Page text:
D. The Missing Articulation of Affirmative Values and Institutional AspirationsFull Participation and Collective Impact as Frameworks for Addressing Structural Inequality; The Components of a Full-Participation Strategy; Unit of Analysis: The Institutional Change Domain or "Action Arena"; Normative Frame: An Affirmative, Collectively Articulated Goal Defined in the Context of a Change Project; Strategic Development of Primary Roles; Government Role: Governance, Capacity Building, Accountability; Implications for Policy, Advocacy, and Law; Introductory Musings
Shaping a Collaborative-Impact FrameworkThe Collaborative-Action Paradigm; Concluding Thoughts; 5 Civil Rights and the Myth of Moral Progress*; Progress versus Improvement; Progress and Law; From Quotas to Diversity: Progress?; Diversity and Progress; Diversity Uber Alles; Antidiscrimination Law: From Social Justice to Individual Entitlement; Conclusion; Introduction; I. A Counterexample: The Myth of Moral Progress and Quest for Universal Voting Rights; II. The Limits and Dangers of the Concept of Moral Progress in the Law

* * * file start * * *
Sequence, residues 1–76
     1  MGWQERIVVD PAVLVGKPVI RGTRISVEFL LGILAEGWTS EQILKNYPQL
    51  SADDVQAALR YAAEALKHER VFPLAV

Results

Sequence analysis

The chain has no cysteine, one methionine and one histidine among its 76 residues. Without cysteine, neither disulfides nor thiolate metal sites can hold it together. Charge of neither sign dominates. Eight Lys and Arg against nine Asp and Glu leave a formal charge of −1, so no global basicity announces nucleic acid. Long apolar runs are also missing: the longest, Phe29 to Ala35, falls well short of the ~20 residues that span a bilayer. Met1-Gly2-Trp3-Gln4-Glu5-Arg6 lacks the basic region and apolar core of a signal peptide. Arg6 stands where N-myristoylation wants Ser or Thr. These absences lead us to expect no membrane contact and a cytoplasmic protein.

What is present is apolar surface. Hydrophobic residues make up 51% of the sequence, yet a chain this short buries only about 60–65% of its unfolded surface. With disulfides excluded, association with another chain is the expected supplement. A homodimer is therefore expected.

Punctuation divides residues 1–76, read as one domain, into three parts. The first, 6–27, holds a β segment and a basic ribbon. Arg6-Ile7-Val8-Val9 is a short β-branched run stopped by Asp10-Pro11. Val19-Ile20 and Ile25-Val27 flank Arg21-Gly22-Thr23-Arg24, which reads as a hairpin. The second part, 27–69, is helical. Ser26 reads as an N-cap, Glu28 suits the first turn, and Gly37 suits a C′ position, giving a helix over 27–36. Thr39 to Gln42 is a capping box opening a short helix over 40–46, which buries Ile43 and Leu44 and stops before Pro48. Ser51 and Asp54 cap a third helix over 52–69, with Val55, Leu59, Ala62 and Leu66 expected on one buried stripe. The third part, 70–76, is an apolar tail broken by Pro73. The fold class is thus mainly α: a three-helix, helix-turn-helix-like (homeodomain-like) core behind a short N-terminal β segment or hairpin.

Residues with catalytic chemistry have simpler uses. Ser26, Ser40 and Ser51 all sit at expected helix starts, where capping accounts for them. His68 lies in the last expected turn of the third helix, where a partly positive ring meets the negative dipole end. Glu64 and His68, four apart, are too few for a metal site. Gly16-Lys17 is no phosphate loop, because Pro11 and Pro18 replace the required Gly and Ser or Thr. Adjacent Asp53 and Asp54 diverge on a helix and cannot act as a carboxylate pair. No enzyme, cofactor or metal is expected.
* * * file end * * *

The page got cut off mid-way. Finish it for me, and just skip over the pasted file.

III. The Inexorability of Making and Living with Difficult Moral Choices
Summary: Charts the ambiguous and contested meanings of civil rights in law and culture, confronting important questions about race in contemporary America.
Tags from this library: No tags from this library for this title. Log in to add tags.
Item type Current location Call number URL Status Date due Barcode
Electronic Book UT Tyler Online
Online
KF4755 .C58 2014 (Browse shelf) http://uttyler.eblib.com/patron/FullRecord.aspx?p=1642368 Available EBL1642368

Cover; Halftitle; Title; Copyright; Dedication; Contents; Contributors; Acknowledgments; Introduction; 1 Race Law Cases in the American Story; Birth of a Nation: Formal Citizenship and Sovereignty; Separate and Unequal: Classification and Caste; Our Constitution is Color-Blind: The Doctrine of Race Neutrality; With All Deliberate Speed: Race-Conscious Remedies; Conclusion; African Americans and Interracial Adoption; The Indian Child Welfare Act; Adoptive Couple v. Baby Girl; The Racial Implications of the ICWA and Baby Girl; 2 Race Is Evidence; Introduction; "Show Me Your Papers"